Some Pharisees approached Jesus, and tested him, saying,
“Is it lawful for a man to divorce his wife for any cause whatever?”
He said in reply, “Have you not read that from the beginning
the Creator made them male and female and said,
For this reason a man shall leave his father and mother
and be joined to his wife, and the two shall become one flesh?
So they are no longer two, but one flesh.
Therefore, what God has joined together, man must not separate.”
They said to him, “Then why did Moses command
that the man give the woman a bill of divorce and dismiss her?”
He said to them, “Because of the hardness of your hearts
Moses allowed you to divorce your wives,
but from the beginning it was not so.
I say to you, whoever divorces his wife
(unless the marriage is unlawful)
and marries another commits adultery.”
His disciples said to him,
“If that is the case of a man with his wife,
it is better not to marry.”
He answered, “Not all can accept this word,
but only those to whom that is granted.
Some are incapable of marriage because they were born so;
some, because they were made so by others;
some, because they have renounced marriage
for the sake of the Kingdom of heaven.
Whoever can accept this ought to accept it.”
19:3 Tested him: the verb is used of attempts of Jesus’ opponents to embarrass him by challenging him to do something they think impossible (Mt 16:1; Mk 8:11; Lk 11:16) or by having him say something that they can use against him (Mt 22:18, 35; Mk 10:2; 12:15). For any cause whatever: this is peculiar to Matthew and has been interpreted by some as meaning that Jesus was being asked to take sides in the dispute between the schools of Hillel and Shammai on the reasons for divorce, the latter holding a stricter position than the former. It is unlikely, however, that to ask Jesus’ opinion about the differing views of two Jewish schools, both highly respected, could be described as “testing” him, for the reason indicated above.
19:4–6 Matthew recasts his Marcan source, omitting Jesus’ question about Moses’ command (Mk 10:3) and having him recall at once two Genesis texts that show the will and purpose of the Creator in making human beings male and female (Gn 1:27), namely, that a man may be joined to his wife in marriage in the intimacy of one flesh (Gn 2:24). What God has thus joined must not be separated by any human being. (The NAB translation of the Hebrew bāśār of Gn 2:24 as “body” rather than “flesh” obscures the reference of Matthew to that text.)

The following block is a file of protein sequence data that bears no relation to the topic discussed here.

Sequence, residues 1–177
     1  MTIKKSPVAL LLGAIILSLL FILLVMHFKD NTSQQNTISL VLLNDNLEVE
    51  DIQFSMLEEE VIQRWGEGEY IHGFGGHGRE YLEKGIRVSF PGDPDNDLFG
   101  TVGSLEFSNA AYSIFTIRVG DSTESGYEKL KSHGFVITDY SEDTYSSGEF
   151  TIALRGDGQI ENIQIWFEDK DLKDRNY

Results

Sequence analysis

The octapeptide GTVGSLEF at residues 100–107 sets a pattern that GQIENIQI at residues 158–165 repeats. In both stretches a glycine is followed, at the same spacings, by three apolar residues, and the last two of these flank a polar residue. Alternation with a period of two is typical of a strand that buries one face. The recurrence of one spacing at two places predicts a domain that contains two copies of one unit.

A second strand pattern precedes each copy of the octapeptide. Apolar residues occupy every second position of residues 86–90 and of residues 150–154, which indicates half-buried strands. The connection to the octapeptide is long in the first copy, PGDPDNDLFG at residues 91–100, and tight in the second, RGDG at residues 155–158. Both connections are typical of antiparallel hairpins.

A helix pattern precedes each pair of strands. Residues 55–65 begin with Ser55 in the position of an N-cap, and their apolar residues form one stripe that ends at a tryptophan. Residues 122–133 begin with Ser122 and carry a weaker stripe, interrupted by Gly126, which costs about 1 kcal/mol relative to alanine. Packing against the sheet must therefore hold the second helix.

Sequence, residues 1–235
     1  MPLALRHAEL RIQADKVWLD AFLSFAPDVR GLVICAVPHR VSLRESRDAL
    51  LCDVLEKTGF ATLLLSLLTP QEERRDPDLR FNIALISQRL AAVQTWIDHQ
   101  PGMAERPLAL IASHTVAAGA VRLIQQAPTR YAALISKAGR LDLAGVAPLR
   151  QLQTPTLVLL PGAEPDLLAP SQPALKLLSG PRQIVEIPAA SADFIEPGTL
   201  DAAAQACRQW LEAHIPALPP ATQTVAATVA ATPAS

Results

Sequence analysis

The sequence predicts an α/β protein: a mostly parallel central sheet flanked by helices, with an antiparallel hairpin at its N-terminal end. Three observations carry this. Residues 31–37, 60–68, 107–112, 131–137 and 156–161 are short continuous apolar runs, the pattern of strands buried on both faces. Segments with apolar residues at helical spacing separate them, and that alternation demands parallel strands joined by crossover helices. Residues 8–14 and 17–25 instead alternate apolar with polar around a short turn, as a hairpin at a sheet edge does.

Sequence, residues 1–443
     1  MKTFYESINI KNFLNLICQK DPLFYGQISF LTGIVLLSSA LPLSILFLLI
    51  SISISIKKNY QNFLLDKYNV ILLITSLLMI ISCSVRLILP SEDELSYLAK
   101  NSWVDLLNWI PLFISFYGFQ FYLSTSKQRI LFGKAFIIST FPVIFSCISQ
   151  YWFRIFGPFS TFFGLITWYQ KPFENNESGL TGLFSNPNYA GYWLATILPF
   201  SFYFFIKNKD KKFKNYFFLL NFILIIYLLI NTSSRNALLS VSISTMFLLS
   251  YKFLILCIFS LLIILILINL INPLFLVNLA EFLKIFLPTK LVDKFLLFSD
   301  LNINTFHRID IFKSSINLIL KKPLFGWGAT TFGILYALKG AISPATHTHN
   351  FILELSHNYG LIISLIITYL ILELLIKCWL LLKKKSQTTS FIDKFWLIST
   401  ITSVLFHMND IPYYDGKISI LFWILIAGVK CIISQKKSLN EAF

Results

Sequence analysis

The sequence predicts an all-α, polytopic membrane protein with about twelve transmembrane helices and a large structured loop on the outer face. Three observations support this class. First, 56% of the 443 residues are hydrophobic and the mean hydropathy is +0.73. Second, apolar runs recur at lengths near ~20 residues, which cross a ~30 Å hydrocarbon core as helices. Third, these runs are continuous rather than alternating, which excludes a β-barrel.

19:7 See Dt 24:1–4
19:9 Moses’ concession to human sinfulness (the hardness of your hearts, Mt 19:8) is repudiated by Jesus, and the original will of the Creator is reaffirmed against that concession. (Unless the marriage is unlawful): see note on Mt 5:31–32. Matthew removes Mark’s setting of this verse as spoken to the disciples alone “in the house” (Mk 10:10) and also his extension of the divorce prohibition to the case of a woman’s divorcing her husband (Mk 10:12), probably because in Palestine, unlike the places where Roman and Greek law prevailed, the woman was not allowed to initiate the divorce.
19:11 [This] word: probably the disciples’ “it is better not to marry” (Mt 19:10). Jesus agrees but says that celibacy is not for all but only for those to whom that is granted by God.
19:12 Incapable of marriage: literally, “eunuchs.” Three classes are mentioned, eunuchs from birth, eunuchs by castration, and those who have voluntarily renounced marriage (literally, “have made themselves eunuchs”) for the sake of the kingdom, i.e., to devote themselves entirely to its service. Some scholars take the last class to be those who have been divorced by their spouses and have refused to enter another marriage. But it is more likely that it is rather those who have chosen never to marry, since that suits better the optional nature of the decision: whoever can … ought to accept it.
Jesus’ teaching on the permanence of marriage is just as countercultural today as it was in the first century. To those who have experienced the challenges that come with married life, his standards may seem unrealistically high. For this reason it is important to recognize that Jesus speaks of marriage in terms that imply the assistance of grace. The word grace does not appear in these verses, but the idea that God can enable men and women to fulfill this exalted vocation is latent in the discussion.
Consider the contrast that is drawn between Mosaic and messianic times. If Moses permitted divorce and remarriage to accommodate the hardheartedness of Israel, then the Messiah’s repeal of this concession indicates a new human situation, in which the heart is healed of its infirmity and divinely empowered to embrace marriage as a lifetime commitment. It implies a regeneration of the human person from the inside out. Only when the Lord enriches our lives with his grace can the ideal of marriage for life become the real experience of men and women joined together as one.
– Curtis Mitch
May the virtues of faith, hope, and love go with you today – DV.